History of the 1320 frequency in Salt Lake is available HERE.
Someone associated with KCPX in the early 1970s is probably still around to comment about this. Regarding the Zeppelin promotional at right, how much hard rock made it onto the KCPX playlist? And, are there some better recordings out there of this Salt Lake City station? We’d be interested in the ‘competition’, as well – one of our visitors commented (below) that the old faux-Drake format of the early 70s was a lot ‘whiter’ than Drake had programmed KHJ. We like ALL the music from that era and want to sample all the available formats, so if you have something, please, by all means, feel free to donate it to our archives.
Brad Stone is a good jock, 1980 is a great year for radio, and AM Music Radio is still alive, at least in the short term. This is our first look at the Salt Lake City market, and while this is a low-fidelity recording, all the elements of good personality radio are there! This shows us that even smaller markets sounded good back in the early 80s, whether they were on AM or FM. In fact, your webmaster would make the argument that music radio had reached it’s peak and 1981 was the very beginning of the end of great radio, even if it did take 20 years to see radio’s true demise come to fruition.
Please note: The audio quality of this is quite poor and the tape didn’t hold up very well. However, if you can get by that low fidelity, this is some darn good AM Top 40 radio that you may enjoy!
4 thoughts on “Brad Stone, 1320 KCPX Salt Lake City, Utah | March 27, 1980”
Should be 1320 KCPX not 1520
Frequency is 1320
A few comments:
1) The two previous commenters are correct–KCPX’s frequency was 1320.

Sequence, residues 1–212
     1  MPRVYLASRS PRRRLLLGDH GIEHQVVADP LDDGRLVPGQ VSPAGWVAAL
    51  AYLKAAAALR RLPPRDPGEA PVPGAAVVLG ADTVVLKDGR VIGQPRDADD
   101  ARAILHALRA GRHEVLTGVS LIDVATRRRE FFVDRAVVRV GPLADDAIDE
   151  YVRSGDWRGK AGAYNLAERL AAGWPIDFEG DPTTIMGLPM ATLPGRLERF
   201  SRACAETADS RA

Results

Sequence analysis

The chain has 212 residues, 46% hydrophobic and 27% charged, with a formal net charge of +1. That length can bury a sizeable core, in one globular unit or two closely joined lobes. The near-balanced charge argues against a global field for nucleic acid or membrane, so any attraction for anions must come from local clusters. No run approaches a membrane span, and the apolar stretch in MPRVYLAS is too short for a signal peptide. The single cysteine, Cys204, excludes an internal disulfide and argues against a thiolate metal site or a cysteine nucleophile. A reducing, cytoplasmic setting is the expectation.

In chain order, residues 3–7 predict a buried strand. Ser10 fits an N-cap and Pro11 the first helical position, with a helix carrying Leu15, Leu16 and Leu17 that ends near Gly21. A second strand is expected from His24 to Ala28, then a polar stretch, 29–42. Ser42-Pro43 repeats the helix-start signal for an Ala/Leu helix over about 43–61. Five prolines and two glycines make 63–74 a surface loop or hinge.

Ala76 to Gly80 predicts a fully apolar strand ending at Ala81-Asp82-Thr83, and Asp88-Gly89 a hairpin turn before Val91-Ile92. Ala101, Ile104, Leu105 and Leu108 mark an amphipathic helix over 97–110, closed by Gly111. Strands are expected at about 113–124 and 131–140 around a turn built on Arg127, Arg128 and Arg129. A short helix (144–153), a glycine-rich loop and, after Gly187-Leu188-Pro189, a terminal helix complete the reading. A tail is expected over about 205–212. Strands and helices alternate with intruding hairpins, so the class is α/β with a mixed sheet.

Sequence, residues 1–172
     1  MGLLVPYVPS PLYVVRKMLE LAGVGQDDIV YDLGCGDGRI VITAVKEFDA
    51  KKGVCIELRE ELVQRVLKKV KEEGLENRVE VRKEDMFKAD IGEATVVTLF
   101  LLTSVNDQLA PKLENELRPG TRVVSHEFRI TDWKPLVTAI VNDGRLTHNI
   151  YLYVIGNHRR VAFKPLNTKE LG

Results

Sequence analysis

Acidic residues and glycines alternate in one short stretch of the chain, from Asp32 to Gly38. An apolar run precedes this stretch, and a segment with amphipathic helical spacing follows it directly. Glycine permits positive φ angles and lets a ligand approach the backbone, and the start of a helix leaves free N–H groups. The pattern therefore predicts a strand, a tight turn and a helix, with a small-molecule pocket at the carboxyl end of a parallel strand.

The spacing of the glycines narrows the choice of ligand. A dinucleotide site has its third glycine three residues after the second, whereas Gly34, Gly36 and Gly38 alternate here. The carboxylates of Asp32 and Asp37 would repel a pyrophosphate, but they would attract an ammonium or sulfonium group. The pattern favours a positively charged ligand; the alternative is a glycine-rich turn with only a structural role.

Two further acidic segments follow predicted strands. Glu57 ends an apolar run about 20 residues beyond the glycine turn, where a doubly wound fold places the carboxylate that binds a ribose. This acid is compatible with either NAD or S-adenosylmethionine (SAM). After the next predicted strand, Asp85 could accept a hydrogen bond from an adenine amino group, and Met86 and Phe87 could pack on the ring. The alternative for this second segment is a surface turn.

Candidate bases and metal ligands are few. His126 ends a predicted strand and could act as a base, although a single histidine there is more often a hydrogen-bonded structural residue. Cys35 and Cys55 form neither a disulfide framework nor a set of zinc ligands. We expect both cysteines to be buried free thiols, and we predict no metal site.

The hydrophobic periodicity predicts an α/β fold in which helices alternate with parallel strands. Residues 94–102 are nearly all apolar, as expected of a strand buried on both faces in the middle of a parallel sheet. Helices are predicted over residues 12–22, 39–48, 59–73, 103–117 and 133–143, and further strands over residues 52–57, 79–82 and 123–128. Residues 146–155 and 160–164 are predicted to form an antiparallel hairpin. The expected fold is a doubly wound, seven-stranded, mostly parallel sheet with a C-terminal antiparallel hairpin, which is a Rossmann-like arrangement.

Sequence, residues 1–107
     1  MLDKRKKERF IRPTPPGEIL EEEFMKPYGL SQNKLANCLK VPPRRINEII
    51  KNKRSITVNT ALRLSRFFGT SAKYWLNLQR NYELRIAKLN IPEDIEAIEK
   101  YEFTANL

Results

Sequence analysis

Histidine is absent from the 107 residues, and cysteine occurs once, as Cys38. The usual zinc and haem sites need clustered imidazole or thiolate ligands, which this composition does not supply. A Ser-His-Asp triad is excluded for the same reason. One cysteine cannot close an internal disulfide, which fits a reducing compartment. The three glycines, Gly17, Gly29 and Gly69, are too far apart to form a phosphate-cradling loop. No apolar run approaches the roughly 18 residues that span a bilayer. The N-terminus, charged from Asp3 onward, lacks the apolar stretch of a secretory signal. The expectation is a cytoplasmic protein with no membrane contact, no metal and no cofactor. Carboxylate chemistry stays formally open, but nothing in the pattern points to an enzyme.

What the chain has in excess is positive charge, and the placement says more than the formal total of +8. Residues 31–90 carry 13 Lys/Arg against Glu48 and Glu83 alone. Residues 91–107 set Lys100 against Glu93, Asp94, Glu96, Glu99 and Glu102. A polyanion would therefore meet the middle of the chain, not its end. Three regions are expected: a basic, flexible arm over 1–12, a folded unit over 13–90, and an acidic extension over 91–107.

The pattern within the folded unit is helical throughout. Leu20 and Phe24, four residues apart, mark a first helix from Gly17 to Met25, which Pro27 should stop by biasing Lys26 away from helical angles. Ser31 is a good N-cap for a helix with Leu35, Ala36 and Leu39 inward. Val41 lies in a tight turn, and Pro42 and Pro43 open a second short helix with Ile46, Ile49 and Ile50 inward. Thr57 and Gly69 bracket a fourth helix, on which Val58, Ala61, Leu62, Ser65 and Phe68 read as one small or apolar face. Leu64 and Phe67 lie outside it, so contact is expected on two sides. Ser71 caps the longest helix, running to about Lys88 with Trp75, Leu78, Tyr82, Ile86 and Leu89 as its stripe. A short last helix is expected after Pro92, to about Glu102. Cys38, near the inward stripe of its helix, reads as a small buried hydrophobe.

2) During much of the 1970s, KCPX was owned by Columbia Pictures. When Clive Davis became head of the company in 1976, he resolved to get the company out of extraneous businesses (such as owning radio stations) and sold the station to a local developer. Eventually, the callsign was changed to KBUG, the station changed hands a few more times, and now it’s owned by Cumulus with the callsign of KFNS with a sports format (it used to be ESPN, but I believe it is now Fox).
3) I listened to KCPX at night after moving to Phoenix, Arizona, in 1972. At the time, it was a “fake” Drake (it used the jingles but was never consulted by Bill Drake or any of his colleagues). Musically, the station’s playlist was a great deal whiter than that of KHJ and other stations of southern California where I grew up.
@Ted Chittenden I also used to listen to this at night from Phoenix Arizona as well. Except sometimes it was hard to separate it out from 1310 KBUZ which became KQXE. I too remember the Drake Chenault Jingles. And also the K-Spix battle of the records. Do you by chance know what there power was and if it was directional? And if it was what was it’s directional pattern then in those days?